Face burns provide a considerable risk of functional and aesthetic damage. Applying an antibiotic ointment like bacitracin 2 to 3 times per day to avoid desiccation and manage lingering Gram-positive organisms is the next step after gently and often cleaning superficial burns to remove any devitalized tissue. The face is treated openly. Temporary skin replacements are advantageous because they relieve pain and protect the injury. More active measures, such as the regular removal of loose necrotic tissue and the use of silver products, are needed to help avoid infection in deeper face burns. Typically, surgical treatment is required.

Ears

Similar to facial burn injuries, superficial ear burns are treated, but the injuryed helix should not be subjected to external pressure. Any compression will exacerbate existing damage to the cartilage in this region since it is already insufficiently vascularized. When controlling pressure when sleeping, pillows or pressure may be removed. Deeper burns, requires more potent topical treatment, often with a silver or mafenide cream. A serious consequence that causes cartilage loss and irreversible deformity is chondritis, or cartilage infection. Systemically used antibiotics are needed.

Hands and feet

Functional incapacity may result from hand or foot burns. A gauze or skin replacement that has been treated with petrolatum is used to treat superficial burns. In particular, for foot injuries, skin substitutes aid in injury protection and pain management. Silver-based treatments are needed for treatment of deeper burns. Each finger should be separately wrapped when the hands or feet are hurt in order to reduce functional handicap, such as web space contractures, and to allow for ongoing mobility and vigorous physical treatment.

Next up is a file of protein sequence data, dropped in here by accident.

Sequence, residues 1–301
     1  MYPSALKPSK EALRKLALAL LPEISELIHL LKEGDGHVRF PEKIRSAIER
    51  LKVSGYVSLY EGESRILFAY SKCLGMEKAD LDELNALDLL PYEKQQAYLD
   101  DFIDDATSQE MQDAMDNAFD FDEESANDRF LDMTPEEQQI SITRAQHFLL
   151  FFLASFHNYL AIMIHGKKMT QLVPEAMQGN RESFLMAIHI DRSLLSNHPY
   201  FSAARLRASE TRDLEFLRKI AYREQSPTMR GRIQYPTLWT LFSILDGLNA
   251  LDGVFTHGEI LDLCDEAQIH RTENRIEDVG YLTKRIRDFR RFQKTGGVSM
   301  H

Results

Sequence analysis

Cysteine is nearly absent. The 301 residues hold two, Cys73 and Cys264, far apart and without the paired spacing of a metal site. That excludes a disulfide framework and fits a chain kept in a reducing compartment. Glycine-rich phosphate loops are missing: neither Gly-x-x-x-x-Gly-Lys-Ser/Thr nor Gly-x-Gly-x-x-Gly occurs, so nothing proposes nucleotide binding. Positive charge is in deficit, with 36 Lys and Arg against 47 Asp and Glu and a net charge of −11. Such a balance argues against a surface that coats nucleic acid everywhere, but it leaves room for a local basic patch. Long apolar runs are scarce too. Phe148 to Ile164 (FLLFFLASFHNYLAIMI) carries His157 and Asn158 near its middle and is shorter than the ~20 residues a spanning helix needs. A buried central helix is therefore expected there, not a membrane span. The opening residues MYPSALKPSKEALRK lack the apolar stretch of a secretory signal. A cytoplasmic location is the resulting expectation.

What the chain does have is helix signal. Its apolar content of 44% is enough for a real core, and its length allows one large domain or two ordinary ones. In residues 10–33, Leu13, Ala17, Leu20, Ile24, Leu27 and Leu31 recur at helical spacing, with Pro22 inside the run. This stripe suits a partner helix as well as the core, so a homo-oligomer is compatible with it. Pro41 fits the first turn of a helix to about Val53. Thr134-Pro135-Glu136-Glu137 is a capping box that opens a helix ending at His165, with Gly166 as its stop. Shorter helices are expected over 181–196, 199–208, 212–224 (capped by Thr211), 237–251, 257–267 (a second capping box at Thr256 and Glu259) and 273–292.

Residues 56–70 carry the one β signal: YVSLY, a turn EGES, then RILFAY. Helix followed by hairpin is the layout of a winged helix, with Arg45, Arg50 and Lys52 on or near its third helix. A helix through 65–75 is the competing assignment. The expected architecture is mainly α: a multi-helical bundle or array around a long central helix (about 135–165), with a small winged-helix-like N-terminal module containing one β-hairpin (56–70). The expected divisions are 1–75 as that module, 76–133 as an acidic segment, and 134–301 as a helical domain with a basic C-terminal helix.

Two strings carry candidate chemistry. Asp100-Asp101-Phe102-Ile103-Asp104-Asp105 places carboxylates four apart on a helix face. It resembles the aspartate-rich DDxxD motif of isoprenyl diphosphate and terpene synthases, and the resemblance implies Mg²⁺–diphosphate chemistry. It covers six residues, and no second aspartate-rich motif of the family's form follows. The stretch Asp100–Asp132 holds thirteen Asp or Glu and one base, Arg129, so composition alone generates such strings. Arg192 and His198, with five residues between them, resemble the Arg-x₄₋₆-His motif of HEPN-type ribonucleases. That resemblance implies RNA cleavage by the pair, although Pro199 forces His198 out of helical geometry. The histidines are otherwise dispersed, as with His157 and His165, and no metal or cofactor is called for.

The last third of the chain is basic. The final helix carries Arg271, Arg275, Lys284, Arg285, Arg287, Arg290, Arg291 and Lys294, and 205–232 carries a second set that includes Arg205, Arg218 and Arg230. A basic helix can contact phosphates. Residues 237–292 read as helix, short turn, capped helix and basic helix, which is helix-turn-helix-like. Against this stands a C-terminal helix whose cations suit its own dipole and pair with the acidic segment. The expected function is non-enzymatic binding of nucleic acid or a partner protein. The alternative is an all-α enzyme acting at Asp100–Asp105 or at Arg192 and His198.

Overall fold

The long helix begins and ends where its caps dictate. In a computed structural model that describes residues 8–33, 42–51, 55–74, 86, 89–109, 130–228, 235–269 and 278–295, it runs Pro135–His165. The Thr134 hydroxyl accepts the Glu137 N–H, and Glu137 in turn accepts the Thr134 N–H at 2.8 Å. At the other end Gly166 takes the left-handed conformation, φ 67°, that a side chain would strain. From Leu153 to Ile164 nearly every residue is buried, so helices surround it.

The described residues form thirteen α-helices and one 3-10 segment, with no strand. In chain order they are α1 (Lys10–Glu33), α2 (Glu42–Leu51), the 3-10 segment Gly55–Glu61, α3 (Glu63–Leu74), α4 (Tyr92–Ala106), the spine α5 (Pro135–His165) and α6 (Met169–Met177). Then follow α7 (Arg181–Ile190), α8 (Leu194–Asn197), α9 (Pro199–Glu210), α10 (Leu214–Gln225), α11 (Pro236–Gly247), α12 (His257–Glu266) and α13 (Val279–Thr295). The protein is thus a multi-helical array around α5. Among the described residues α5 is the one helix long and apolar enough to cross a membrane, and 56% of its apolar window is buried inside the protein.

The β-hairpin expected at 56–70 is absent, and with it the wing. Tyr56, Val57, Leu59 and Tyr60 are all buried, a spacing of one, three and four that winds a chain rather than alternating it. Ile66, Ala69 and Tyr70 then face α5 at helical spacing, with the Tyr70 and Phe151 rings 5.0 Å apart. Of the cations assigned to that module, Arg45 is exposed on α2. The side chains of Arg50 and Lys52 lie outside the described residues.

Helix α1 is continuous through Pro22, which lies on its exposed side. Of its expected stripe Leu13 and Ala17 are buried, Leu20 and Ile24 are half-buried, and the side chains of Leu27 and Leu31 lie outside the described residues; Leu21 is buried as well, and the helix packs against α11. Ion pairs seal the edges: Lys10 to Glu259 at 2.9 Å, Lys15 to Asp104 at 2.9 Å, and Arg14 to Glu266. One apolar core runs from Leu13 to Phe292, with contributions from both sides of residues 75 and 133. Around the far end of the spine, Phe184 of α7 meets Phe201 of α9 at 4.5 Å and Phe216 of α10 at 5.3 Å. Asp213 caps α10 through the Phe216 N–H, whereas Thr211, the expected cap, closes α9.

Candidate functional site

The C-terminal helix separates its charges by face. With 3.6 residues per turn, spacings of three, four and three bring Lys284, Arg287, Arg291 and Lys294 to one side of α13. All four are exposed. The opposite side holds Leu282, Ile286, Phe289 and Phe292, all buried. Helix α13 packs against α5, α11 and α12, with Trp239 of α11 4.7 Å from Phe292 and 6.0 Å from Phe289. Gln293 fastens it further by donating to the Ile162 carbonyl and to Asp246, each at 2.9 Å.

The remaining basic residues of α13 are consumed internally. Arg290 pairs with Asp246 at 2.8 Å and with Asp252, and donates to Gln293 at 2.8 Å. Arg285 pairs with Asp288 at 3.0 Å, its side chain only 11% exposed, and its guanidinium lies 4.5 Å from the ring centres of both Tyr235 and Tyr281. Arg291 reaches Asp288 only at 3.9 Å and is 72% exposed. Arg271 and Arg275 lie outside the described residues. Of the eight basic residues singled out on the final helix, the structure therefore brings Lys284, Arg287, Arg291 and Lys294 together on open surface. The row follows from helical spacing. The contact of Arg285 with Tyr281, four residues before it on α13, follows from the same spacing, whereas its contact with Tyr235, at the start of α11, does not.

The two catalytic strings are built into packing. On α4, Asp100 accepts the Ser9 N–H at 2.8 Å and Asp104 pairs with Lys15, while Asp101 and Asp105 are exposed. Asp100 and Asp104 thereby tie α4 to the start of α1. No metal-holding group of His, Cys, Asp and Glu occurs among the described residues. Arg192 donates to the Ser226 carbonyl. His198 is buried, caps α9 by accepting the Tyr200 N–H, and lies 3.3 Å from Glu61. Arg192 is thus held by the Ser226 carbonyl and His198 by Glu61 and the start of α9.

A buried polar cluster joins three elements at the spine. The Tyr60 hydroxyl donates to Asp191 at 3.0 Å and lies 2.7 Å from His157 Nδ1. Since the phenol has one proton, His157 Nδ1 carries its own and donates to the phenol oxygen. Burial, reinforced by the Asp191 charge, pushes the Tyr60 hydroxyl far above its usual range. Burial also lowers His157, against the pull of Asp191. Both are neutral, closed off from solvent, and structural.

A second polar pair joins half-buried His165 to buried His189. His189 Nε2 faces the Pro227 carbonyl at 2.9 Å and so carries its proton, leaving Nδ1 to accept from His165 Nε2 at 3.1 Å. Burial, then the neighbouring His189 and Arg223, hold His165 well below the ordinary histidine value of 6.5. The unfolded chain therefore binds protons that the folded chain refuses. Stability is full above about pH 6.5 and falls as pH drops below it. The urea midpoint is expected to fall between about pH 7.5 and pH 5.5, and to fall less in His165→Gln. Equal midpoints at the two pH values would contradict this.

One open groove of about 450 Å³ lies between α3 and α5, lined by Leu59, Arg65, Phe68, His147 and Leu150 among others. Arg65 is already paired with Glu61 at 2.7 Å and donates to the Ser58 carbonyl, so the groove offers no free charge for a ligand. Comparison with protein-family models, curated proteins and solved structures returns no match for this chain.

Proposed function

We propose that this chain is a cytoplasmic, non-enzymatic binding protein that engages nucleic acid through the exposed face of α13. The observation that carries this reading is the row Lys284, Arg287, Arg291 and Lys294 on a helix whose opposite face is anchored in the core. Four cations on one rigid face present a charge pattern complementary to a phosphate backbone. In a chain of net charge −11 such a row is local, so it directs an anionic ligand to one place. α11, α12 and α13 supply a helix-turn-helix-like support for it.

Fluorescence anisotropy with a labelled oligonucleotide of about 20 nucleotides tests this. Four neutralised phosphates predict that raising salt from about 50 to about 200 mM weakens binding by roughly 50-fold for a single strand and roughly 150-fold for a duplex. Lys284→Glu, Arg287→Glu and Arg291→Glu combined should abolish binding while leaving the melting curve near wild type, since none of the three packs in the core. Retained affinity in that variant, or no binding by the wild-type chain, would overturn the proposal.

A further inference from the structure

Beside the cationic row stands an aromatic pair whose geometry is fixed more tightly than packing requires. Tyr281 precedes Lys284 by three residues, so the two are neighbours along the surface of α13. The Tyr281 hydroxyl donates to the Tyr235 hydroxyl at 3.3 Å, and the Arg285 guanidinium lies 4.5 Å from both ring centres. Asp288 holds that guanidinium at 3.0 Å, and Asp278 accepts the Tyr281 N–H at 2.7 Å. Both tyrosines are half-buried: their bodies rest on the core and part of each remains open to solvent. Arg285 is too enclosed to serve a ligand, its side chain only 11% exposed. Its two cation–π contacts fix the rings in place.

Perineum

Due to the increased danger of infection, perineal burns need to be thoroughly cleaned and then treated again with topical medications after urinating or defecating.

Major Burns

Major Burns must be treated by a burn specialist because they can cause considerable morbidity or fatality. They are defined as follows:

·     partial-thickness burns greater than 10% of TBSA

·     burns that involve the face, hands, feet, genitalia, perineum, or major joints

·     full-thickness burns in any age group, over 1% of body surface

·     electrical burns, including lightning injury

·     chemical burns

·     inhalation injury

·     a child with any of the above burn injuries

·     burn injury in patients with preexisting medical disorders that could complicate management

·     Any burned child, if the hospital initially receiving the patient does not have qualified personnel or equipment for children.

Patients with major burns are usually admitted to the hospital and should be treated in a burn center.

 Advances in treatment of burn injury

 Silver-release products

Since ancient times, silver has been used to both prevent and treat a number of illnesses, most notably infections. With concentrations in liquids surpassing 10 parts per million, silver possesses incredibly strong antibacterial capabilities. By changing the deoxyribonucleic acid (DNA) and cell wall of microbes and limiting their respiratory enzyme system (energy generation), silver ions appear to kill bacteria quickly while having no harmful effects on human cells in vivo. The effective biologic use of this noble metal in burn injury care has been constrained by the existing delivery mechanisms, which are frequently in the form of salts.